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The Crucified’s Drummer Never Thought a Reunion Was on the Table

The Crucified

“I don’t want to say this was out of the blue, but it took me by surprise,” drummer Jim Chaffin of the Crucified told Noisecreep. The Fresno, Calif. trash band has always been one of those underground bands no one expected to ever take the stage or for all four to be seen together acting as friends again. Their 1993 break up was abrupt and with no apologies, even with a final show, which occurred two years later in order to make the end official.

“We had never talked about doing anything. As a matter of fact, after the last thing we did in ’95, Mark [Salomon] was pretty adamant that it was done, over, and that it was dead and buried,” Chaffin said. Salomon, the vocalist, was known to avoid any conversation on the topic of the Crucified to the point that stories circulated over the years about fans cut off by sneers and lengthy explanations as to why he didn’t want to talk about the band or sign autographs on old CDs.

“That’s where he was at at that time, which I understand where he was coming from,” Chaffin responded while he recalled how fans would ask him, “Why does Mark hate the Crucified?”

After years of trying to secure the right to re-release the band’s later output — a thrash crossover style — they were finally in an close grasp of putting together a box set collecting the band’s entire catalog, including even their young, motley punk years. “Of course the issue of money started coming up,” Chaffin said. “It was going to take a lot of money to put things together and all that. Nobody had that kind of money.”

At one meeting, bassist Jeff Bellew brought up the question of playing to get the money to get the rights. “It was kind of quiet in the room. I was looking around,” Chaffin recalled the moment and the nervousness he felt expecting a resounding “no” to bellow over the question. “I never even thought that was an option. I didn’t bring it up because I thought no one would want to play. Mark surprisingly was the first one. ‘Yeah that’d be cool. I’d be open to that.’”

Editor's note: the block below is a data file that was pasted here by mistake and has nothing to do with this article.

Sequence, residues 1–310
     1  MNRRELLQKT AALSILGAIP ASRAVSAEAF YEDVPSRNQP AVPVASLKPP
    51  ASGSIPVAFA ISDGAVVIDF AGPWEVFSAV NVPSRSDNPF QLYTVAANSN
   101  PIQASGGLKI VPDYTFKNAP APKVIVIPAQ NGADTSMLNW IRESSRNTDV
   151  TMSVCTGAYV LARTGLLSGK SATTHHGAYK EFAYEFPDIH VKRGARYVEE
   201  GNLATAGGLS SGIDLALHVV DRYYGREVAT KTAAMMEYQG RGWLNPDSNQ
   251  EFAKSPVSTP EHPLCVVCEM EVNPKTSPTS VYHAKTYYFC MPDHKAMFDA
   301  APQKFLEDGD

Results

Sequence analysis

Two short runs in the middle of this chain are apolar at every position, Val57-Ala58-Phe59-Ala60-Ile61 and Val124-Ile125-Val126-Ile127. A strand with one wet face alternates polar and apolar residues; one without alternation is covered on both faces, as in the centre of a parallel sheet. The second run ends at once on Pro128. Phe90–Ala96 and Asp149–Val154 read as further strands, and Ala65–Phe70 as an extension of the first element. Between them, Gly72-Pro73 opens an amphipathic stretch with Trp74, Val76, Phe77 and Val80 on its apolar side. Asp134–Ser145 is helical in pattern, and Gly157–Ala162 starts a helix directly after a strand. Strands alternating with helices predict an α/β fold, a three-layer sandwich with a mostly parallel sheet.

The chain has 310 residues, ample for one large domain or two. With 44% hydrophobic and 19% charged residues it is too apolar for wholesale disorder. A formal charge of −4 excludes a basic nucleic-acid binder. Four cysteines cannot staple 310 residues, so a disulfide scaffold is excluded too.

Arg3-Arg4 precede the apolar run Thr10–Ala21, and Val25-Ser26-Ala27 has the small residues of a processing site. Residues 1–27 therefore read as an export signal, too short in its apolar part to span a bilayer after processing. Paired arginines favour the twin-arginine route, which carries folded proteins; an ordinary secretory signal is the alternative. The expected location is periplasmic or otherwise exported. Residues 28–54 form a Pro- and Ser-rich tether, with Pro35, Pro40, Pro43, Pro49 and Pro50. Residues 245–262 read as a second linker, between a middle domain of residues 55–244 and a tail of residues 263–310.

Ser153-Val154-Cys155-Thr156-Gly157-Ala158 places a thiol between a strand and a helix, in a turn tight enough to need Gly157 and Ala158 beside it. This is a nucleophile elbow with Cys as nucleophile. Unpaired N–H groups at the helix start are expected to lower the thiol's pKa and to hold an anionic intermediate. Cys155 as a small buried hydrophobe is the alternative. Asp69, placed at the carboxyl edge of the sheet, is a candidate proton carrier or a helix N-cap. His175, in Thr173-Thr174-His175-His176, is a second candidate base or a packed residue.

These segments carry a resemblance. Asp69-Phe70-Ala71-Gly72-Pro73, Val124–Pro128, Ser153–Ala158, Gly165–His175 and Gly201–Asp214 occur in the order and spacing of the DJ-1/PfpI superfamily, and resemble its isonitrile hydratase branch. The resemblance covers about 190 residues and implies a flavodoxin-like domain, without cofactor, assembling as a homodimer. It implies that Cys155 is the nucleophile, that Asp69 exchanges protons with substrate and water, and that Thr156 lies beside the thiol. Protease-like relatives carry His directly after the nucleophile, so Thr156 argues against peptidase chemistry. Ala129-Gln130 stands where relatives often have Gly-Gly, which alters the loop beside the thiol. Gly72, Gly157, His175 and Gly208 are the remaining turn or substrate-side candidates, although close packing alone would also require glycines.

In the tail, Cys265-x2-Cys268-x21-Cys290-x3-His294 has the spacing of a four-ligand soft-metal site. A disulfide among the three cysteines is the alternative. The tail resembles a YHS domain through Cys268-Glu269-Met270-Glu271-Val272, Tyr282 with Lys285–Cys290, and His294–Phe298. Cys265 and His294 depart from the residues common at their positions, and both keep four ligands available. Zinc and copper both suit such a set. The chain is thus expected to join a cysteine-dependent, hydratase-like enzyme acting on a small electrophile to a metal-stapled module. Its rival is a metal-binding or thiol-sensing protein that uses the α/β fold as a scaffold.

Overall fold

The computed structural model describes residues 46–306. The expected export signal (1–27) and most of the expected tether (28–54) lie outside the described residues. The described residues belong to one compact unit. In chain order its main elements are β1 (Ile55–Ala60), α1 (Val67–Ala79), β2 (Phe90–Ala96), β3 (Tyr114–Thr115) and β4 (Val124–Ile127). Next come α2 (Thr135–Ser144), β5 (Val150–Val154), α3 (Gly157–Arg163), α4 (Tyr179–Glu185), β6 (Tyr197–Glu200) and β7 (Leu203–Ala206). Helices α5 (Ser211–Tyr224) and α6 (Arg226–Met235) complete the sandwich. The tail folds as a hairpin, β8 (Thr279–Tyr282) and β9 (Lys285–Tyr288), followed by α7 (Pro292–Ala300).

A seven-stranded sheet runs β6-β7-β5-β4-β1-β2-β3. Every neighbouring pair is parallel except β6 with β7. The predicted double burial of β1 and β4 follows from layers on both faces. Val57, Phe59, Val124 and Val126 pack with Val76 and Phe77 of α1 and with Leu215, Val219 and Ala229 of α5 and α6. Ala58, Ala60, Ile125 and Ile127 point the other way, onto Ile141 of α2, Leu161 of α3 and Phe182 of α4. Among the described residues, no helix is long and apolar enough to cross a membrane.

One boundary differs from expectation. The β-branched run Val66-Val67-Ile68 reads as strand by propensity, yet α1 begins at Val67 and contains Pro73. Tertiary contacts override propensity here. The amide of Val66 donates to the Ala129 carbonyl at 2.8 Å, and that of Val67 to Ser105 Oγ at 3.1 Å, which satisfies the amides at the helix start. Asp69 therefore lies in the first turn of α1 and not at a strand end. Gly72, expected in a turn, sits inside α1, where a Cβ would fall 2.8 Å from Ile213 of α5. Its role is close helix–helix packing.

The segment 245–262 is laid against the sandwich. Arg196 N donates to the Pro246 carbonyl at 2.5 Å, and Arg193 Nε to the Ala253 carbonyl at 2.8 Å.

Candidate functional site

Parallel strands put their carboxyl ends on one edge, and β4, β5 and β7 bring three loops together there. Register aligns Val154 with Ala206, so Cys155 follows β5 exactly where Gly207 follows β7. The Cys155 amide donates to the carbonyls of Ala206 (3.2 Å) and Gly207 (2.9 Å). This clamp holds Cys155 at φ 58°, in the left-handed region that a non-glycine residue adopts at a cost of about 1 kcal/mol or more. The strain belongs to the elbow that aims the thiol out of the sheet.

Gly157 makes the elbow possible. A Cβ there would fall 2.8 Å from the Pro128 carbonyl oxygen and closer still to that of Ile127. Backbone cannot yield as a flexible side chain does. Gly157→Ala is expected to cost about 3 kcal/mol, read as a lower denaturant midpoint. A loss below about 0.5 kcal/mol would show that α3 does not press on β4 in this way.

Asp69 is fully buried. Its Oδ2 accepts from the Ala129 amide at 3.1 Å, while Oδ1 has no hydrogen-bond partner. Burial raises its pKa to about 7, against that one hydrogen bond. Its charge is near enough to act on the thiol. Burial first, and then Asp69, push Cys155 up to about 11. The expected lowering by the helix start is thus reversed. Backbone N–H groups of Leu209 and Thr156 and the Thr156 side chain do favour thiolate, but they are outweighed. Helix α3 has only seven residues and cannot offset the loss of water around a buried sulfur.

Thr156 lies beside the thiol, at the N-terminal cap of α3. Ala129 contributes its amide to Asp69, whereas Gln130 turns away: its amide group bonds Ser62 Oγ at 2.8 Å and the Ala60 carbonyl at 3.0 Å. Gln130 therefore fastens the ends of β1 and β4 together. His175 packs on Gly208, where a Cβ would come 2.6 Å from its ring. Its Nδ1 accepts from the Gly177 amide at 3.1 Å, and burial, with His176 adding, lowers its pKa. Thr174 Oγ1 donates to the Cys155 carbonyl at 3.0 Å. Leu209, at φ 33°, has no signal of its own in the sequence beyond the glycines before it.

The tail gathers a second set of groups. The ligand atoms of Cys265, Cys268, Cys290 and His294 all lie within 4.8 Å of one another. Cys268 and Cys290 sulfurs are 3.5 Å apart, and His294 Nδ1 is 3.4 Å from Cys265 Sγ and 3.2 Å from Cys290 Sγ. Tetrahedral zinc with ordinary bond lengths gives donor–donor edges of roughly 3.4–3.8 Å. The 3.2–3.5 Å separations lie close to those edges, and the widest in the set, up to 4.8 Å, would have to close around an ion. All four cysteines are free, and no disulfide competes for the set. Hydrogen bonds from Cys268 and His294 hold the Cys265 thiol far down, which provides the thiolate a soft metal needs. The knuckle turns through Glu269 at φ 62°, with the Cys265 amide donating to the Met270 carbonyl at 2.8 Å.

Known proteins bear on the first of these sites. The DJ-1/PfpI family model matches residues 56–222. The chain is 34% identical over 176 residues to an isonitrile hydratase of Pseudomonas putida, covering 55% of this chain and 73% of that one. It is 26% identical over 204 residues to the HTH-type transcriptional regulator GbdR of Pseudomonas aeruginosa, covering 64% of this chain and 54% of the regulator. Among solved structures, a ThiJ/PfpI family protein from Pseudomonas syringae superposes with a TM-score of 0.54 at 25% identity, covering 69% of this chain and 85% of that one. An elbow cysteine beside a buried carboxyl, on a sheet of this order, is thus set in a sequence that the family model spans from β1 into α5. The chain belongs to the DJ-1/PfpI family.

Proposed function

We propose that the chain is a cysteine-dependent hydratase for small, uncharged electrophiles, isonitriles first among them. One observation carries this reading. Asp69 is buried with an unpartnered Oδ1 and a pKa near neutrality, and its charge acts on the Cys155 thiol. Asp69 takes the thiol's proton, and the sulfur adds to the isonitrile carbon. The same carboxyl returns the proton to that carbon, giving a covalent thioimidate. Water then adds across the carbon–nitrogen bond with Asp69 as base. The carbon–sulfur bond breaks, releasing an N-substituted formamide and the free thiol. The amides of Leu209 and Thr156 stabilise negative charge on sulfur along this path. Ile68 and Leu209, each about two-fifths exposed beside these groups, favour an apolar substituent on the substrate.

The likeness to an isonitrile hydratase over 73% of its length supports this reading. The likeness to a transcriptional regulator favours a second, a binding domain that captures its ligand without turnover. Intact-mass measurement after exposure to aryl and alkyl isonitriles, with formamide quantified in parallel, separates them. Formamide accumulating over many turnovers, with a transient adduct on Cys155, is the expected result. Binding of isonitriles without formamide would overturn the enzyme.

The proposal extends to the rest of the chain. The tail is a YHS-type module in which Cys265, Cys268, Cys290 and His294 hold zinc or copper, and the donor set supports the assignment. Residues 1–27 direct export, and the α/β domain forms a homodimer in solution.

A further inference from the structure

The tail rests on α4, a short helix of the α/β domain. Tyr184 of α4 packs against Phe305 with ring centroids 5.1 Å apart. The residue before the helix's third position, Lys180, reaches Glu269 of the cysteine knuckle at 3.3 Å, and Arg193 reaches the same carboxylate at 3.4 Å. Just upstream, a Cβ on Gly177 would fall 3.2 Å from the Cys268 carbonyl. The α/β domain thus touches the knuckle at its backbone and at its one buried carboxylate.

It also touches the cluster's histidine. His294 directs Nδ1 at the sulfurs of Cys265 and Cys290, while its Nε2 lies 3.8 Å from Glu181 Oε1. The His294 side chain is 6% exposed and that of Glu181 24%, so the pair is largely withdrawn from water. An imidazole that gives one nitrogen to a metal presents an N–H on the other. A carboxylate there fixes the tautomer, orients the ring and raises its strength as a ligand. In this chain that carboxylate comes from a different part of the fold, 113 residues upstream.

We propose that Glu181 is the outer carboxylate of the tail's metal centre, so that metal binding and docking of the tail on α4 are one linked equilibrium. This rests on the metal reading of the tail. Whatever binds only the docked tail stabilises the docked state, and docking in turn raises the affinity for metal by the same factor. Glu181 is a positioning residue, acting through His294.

Chaffin almost feels regretful that the spark that re-started the band in 2009 was not one of passion but more of money, but since the official announcement, that box set has been released, a re-mastered version of their loftily-priced, out of print ‘Pillars of Humanity’ album has been added to shelves and the band is showing no sign, at the moment, of burying the band again, simply because it’s how it always should have been. “I know this doesn’t sound virtuous and all about playing shows, but once we did a couple of shows …” Chaffin paused, adding excitement to his voice. “We all have had a blast and it was totally different from the last couple of years we were together.”

Keeping things fun has been the key for everyone in the band because that time before the break up, things were very different than they are now. Many of these times were put to print in the book ‘Simplicity’ that Salomon had released a few years back, where he explained what drove him in the band. In the book, he described the relationship of the band as such: “… we liked each other, at least enough to not hate each other … but that was about it.”

“He was totally right,” Jeff admitted. “We got along to play but no one wanted to be around each other. Those poor guys lived together, so there was always tension in the air.” In Salomon’s book, he mentions that tension: a wall, an argument and someone’s head. “Now it’s totally different,” explains Chaffin. “We’re adults, we’re older, more mature. We know how to handle ourselves and how to accept and deal with other people’s personalities.”

Chaffin feels he has lightened up greatly. “They used to call me the ‘mom’ of the band, but I was the kind of mom that no one wanted to go to the house of.” He credits his belief in God — the structure the band was always known for from the beginning — as the aid to his temperament change, saying, “That’s helped me relax and just have a good time and enjoy everybody and where they are at and not worry about where I think somebody should be. To be honest, with those three, it’s not that hard. Not as hard as I used to make it.”

With everything going so smoothly, the band has begun trying to write new material, something they never really set out to do with this reunion. “We’re just trying to see how we feel about it and if it will flow like it used to, and of course if people are interested too,” says Chaffin. “We do want to make a shot at it.”

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